Imagine a triangle with its points in Iceland, Norway, and Scotland, skewed a little closer to Scotland than the other two countries. That’s roughly were the Faroe Islands at located. The Faroes, a long time colony of Denmark and a place few have heard of, is the setting for Jóanes Nielsen’s The Brahmadells (translated by Kerri A. Pierce), a metafictional family historical saga that runs from the 1840s to the early 1990s. The family stories that make up the bulk of the novel support a variety of tangents that attempt to explicate the Faroese character. The people in this novel eat partially decomposed meat, live dangerous lives, believe strange things, and sometimes fall prey to their worst impulses.
In the 1990s, writer Eigil Tvibur (the descendant of a Norwegian soldier who was garrisoned in Tórshavn before becoming a landowner), feels that his life is falling apart. His lover has definitively left him. His political career has imploded. He is angry all the time. And his house might be haunted. I might have felt more sympathy for him if it hadn’t been for the terrible, violent rage that he inherited from that Norwegian ancestor. Eigil’s anger and sense of entitlement leads him into a series of awful mistakes. Thankfully, only the beginning and end of The Brahmadells focuses on Eigil. The rest is about the twinned history of the Tvibur family and the Brahmadella family.
I had a lot more sympathy for Tóvó í Giel. Tóvó is a scion of a family nicknamed the Brahamadellas because of their supposedly otherworldly knowledge. We met Tóvó during a terrible measles epidemic when he’s just a boy. Because the boy’s plight (a lot of his family members succumb to the disease), a prominent doctor takes the boy under his wing. Tóvó ends up traveling across a good chunk of the Faroe Islands before heading out to sea to see the world. Eventually, he returns home and inherits a house from the man who turns out to be Eigil’s Norwegian forefather.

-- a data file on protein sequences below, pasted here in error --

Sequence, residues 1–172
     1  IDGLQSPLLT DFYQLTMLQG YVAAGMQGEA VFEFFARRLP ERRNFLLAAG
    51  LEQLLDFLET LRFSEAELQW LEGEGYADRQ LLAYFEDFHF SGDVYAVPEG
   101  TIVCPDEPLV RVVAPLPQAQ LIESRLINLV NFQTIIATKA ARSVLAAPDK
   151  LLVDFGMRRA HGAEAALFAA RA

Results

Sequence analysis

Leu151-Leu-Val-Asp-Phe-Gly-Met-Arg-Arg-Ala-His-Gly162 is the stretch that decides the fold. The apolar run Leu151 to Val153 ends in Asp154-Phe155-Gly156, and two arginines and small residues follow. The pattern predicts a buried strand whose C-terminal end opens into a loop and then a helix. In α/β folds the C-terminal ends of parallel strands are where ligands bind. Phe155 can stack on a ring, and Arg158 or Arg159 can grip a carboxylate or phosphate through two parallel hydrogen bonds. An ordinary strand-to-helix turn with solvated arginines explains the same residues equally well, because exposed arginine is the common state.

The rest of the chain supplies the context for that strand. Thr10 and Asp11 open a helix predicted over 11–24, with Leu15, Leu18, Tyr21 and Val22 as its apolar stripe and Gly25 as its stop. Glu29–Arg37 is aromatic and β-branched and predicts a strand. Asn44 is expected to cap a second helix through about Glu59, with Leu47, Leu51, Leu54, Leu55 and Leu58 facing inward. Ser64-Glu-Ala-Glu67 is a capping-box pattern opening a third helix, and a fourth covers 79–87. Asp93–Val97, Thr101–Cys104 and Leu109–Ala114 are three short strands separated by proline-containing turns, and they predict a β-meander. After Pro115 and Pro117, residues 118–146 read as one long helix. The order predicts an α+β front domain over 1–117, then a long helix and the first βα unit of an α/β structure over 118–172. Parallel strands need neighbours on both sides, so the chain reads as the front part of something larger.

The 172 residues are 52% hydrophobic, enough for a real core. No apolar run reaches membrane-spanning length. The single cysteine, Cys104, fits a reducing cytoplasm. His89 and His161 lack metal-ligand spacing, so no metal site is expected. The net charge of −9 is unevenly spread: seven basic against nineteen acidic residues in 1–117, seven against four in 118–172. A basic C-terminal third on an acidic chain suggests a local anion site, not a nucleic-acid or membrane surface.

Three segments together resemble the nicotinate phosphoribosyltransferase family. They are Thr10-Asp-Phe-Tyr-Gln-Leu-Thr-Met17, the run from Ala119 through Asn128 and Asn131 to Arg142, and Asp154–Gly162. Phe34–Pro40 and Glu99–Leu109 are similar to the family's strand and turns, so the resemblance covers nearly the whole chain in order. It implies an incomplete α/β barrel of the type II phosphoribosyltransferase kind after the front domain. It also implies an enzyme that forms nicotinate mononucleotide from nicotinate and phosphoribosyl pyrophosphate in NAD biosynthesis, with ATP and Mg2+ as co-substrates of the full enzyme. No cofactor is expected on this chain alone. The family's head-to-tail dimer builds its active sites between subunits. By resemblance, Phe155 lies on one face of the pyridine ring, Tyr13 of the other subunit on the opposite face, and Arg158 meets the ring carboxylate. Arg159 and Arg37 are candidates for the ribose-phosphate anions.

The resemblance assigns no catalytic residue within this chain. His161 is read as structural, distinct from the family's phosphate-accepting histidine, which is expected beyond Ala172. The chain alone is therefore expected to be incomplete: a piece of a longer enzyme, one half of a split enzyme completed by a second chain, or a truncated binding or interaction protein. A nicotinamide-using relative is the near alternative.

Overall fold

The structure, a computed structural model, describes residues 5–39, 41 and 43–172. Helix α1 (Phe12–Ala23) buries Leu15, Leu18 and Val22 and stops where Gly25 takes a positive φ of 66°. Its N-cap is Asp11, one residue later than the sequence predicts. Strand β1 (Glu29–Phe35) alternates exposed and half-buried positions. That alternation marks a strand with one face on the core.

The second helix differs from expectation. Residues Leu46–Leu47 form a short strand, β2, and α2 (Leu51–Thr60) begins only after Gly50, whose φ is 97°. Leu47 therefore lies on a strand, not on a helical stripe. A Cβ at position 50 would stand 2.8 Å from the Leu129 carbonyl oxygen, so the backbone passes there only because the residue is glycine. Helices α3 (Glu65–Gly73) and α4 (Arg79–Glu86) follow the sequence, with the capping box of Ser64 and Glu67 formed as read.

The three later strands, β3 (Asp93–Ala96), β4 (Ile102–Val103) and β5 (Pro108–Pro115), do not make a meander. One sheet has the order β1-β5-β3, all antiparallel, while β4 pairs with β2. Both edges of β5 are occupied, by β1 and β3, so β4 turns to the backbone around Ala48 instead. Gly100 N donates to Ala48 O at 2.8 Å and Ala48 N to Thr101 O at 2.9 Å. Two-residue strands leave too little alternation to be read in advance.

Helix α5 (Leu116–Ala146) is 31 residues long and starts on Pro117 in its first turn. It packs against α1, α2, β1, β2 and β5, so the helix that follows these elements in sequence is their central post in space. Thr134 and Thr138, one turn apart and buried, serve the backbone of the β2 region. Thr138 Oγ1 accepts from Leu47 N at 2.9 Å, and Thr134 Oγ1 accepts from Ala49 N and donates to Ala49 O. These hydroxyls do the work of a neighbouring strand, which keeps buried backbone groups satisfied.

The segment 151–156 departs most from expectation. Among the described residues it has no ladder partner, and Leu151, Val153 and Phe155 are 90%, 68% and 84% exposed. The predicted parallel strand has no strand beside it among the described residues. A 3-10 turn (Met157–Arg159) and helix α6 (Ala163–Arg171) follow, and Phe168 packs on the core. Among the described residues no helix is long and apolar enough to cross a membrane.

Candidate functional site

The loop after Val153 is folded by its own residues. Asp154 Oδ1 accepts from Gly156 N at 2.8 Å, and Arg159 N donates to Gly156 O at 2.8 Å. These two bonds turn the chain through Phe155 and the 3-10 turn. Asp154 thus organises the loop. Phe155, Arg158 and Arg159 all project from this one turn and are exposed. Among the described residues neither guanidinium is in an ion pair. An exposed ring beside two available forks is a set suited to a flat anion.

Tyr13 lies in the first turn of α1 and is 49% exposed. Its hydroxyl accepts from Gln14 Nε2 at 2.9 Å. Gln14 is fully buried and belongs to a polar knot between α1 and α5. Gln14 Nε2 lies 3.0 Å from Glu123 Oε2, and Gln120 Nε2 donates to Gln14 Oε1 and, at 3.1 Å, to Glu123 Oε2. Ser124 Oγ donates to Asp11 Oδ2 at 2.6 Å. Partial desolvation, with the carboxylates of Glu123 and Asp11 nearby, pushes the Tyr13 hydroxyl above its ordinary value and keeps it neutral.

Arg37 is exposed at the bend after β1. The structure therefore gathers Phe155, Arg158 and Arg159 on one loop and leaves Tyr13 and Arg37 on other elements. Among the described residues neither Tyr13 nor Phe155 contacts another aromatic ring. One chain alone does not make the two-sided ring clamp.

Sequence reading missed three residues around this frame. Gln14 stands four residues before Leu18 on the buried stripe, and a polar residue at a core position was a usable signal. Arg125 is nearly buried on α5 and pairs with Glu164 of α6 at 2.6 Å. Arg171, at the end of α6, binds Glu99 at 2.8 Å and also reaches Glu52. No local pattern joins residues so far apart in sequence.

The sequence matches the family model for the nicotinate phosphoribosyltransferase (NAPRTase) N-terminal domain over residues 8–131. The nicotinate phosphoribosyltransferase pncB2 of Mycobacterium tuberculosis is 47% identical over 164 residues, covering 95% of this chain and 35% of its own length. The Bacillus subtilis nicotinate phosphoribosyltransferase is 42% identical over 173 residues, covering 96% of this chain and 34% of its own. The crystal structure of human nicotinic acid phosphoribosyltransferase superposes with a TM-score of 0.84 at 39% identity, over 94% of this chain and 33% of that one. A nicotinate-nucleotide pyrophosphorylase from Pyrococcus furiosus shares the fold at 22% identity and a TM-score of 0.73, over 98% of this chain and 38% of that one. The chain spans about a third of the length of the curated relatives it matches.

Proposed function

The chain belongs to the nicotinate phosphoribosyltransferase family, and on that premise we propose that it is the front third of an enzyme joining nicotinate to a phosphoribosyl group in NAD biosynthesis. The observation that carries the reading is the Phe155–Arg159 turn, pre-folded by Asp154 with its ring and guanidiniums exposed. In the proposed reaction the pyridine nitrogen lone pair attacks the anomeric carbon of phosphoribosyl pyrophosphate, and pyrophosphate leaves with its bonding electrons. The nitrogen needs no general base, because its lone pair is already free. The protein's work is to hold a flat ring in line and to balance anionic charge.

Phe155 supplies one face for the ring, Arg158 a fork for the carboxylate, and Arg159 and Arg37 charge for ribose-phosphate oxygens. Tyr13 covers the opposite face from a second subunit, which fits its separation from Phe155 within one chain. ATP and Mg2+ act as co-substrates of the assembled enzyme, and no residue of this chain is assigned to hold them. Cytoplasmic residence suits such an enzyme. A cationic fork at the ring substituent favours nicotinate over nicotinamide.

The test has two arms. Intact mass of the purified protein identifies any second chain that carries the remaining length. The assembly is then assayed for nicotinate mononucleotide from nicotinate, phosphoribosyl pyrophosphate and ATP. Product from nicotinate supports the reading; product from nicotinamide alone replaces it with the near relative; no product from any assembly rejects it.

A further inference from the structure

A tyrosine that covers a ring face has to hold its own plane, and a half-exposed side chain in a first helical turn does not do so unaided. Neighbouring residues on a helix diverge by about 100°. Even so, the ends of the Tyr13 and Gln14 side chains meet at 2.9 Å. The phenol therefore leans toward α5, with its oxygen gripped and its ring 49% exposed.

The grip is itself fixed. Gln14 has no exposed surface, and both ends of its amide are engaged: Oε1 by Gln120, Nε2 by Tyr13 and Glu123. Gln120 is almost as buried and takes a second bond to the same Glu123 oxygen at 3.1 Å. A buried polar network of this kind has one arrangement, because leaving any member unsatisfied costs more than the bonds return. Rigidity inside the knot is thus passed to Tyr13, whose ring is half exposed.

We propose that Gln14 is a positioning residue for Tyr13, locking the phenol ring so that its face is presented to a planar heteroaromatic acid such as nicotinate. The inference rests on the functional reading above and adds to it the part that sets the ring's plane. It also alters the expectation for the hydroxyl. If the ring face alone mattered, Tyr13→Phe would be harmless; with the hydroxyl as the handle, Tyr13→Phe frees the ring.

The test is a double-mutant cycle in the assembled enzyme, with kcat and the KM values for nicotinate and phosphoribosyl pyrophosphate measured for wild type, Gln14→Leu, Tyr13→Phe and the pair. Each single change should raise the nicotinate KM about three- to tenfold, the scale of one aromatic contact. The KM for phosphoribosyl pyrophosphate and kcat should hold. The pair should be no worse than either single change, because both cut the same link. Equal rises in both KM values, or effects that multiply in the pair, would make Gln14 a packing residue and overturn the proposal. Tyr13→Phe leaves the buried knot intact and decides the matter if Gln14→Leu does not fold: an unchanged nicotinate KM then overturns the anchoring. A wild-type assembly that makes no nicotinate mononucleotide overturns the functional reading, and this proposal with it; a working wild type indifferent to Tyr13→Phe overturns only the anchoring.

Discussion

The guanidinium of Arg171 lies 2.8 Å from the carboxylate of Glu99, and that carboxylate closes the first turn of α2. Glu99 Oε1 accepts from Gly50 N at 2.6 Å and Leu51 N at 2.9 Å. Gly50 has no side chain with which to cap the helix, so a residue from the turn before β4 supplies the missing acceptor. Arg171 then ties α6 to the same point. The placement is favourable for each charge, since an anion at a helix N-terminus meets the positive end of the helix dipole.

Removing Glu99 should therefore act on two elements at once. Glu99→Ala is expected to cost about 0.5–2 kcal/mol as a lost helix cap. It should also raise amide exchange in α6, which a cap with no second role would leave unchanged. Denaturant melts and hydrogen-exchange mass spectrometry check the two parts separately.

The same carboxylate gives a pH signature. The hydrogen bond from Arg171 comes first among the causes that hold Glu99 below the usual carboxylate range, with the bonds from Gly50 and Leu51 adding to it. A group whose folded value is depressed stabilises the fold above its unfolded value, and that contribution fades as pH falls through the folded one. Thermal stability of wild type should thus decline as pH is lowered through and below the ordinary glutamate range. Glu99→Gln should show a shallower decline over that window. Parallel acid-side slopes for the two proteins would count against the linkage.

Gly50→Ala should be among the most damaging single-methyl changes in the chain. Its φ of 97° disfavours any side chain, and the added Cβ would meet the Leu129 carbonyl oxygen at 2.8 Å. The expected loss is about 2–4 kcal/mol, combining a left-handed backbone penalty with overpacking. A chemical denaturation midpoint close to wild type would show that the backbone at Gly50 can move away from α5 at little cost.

Sadly, we don’t stay with Tóvó or even get much inside this character’s head. Instead, we are treated to an often bewildering montage of Faroese history. We are treated to chapters about Danish exploitation and oppression, Faroese literature, weather, cuisine, coal mining, a failed attempt at creating a union, and more. I suspect these tangents are part of the reason why this novel was chosen to be translated into English; it offers a full meal of Faroe-ish fare, rather than just a taste. The tangents definitely explain the novel’s comparisons to Moby-Dick. Unfortunately, the book jumps around so much that it’s hard to tell who we need to focus on, what’s important to remember, and what the point of it all is. The Brahmadells also suffers from what are either typos or translation errors, or possibly both, that just put me off the book even more. This book is a shaggy dog and while I got to mentally travel to a place that fascinates me, I had a tour guide that ruined the experience with his bluster and frightening anger.